Oklahoma’s Greatest Athlete Reinstated In Olympics History
Aside from oil and gas, one of Oklahoma's greatest exports has been great athletes since attaining statehood in 1907. When you talk about sports history in the grand scheme of the Sooner State a lot of names come up.
Gold Medalist Shannon Miller, famed Yankee Mickey Mantle, SWOK's own Darrell Royal, and even Lawton's NFL Hall of Famer Will Shields, but one name stands above them all... Jim Thorpe.
If you grew up in Oklahoma, you've likely already heard the famous tales of Jim Thorpe and his conquering of adversity. If you haven't, here it is.
Jim Thorpe was born in 1887 near where Prague, Oklahoma is now. The 1880s was a tumultuous time for Native Americans in this country. Health and well-being weren't priorities in Indian Territory, he lost his mother early in life. Even worse, America was still hell-bent on erasing this land's native culture out of existence through the American Indian boarding school system, yet Jim rose to the occasion to conquer life's adversity.
Like many Native American youths of the time, pent up with frustration, Jim continually ran away from the area schools he was forced into attending. His last go-round was a trip to a live-in boarding house and industrial school in Pennsylvania. With nowhere else to go, he stayed.
From an early age, it was clear Jim Thorpe was a gifted athlete but it wasn't until he landed in Pennsylvania that his talent truly shined. Famed football coach and icon Glenn "Pop" Warner took him under his wing to develop and refine his abilities.
Yes... THE Pop Warner.
Jim was the type of talent that could walk out of the classroom and instantly compete with the best with no warm-up, no stretching. Just pure domination. He competed competitively with outstanding results in football, baseball, lacrosse, track, the high jump, etc... He even became a collegiate champion of competitive ballroom dancing because that was a thing in 1912, the same year he earned a trip to the Olympics.
Jim arrived in Stockholm, Sweden for the 1912 Summer Olympic Games as a track and field specialist ready to compete in the pentathlon (five events) and decathlon (ten events). This is when Jim Thorpe became a sports legend.
There's a famous photo to go with a tale of shenanigans. While Jim Thorpe wasn't famous at the time, his competition was truly worried about the newcomer that so casually and effortlessly earned a trip to the Olympic games. Race probably also had something to do it, but that's just an assumption.
Jim quickly gained attention in the Olympic media coverage for his athletic prowess. In 1912 he was as fast as today's Usain Bolt and broke records in other events like the high jump, long jump, pole vault, and hurdles.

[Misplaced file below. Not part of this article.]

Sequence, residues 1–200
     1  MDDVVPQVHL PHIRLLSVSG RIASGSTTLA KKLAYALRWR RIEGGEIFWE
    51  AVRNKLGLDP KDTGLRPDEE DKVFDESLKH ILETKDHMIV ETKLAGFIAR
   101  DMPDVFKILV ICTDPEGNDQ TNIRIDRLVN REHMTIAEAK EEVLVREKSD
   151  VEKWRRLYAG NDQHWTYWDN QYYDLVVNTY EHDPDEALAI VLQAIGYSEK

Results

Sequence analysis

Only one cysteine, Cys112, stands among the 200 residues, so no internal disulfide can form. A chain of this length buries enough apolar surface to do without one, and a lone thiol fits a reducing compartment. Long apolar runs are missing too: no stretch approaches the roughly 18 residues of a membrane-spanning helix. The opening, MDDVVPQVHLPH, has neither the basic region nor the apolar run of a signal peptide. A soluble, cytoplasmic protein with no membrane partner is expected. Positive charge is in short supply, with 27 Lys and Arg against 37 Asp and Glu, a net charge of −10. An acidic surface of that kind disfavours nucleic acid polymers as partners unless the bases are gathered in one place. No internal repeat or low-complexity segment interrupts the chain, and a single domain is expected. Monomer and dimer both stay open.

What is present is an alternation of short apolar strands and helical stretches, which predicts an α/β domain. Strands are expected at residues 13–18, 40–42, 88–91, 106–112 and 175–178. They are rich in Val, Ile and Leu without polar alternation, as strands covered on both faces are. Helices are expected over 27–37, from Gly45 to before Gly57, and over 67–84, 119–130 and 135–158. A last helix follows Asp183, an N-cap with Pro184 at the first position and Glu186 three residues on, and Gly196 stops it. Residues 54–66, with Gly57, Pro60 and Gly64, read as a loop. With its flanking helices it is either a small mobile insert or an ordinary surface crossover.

As the Olympics go, you don't have to win all of your events in the pentathlon/decathlon, you just have to earn the most points to earn the gold medal. After dominating the pentathlon, in order to get a leg up on the man that was dominating the track and field events, someone stole Jim's running shoes during the decathlon.
Unwilling to miss his chance to show the world what he was made of, Jim pulled a random shoe out of a trash can and found another. Doing what champions do, he laced them up and went on to earn his gold medal wearing them. Seen below.
Like every great tale of man's triumph over adversity, Jim Thorpe quickly became a worldwide sports celebrity, but the notoriety didn't last long.
As 1912 spilled into 1913, a story traveled the country on the newspaper wire about how Jim Thorpe had played minor-league baseball prior to his Olympic performance. When the Olympic committee heard about it, they immediately stripped him of his two gold medals on the technicality that he had been a paid, therefore "professional" athlete.
The same papers that brought down Oklahoma's greatest athlete then went on to defend Thorpe. This was a very common practice among Olympians at the time. Most, if not all, supplemented their income by playing sports under aliases. It's crazy how different the times were back then, isn't it? Nowadays athletes are paid to train and swim in pools full of endorsement money, but this was the straw that broke the camels back in 1913.
Almost seventy years later, long after Jim Thorpe had passed away, the International Olympic Committee reviewed Jim's story and decided it was unjust. They restored him as a co-champion in 1982. Forty years after that, the IOC finally corrected history by restoring Jim Thorpe as the sole and rightful gold medal champion of the 1912 Olympic pentathlon and decathlon in 2022.
As his athlete exploits go, Jim Thorpe remains a two-time collegiate football All-American, a Pro Football Hall of Fame inductee as a player and former APFA (NFL) league president, a professional MLB baseball player.
He was voted the greatest athlete of the first half of the 20th century, the third greatest of the whole century just behind Michael Jordan and Babe Ruth. He's appeared on US currency and USPS stamps, inducted into the National Native American Hall of Fame, and is now once again confirmed as an Olympic gold medalist.